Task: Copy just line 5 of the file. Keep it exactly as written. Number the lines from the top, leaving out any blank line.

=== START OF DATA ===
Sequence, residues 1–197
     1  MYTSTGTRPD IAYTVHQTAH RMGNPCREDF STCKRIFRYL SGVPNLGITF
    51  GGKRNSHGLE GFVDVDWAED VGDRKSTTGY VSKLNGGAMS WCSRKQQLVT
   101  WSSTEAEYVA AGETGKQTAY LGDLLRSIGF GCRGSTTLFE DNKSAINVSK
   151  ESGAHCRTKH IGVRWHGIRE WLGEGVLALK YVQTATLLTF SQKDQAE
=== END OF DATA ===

   151  ESGAHCRTKH IGVRWHGIRE WLGEGVLALK YVQTATLLTF SQKDQAE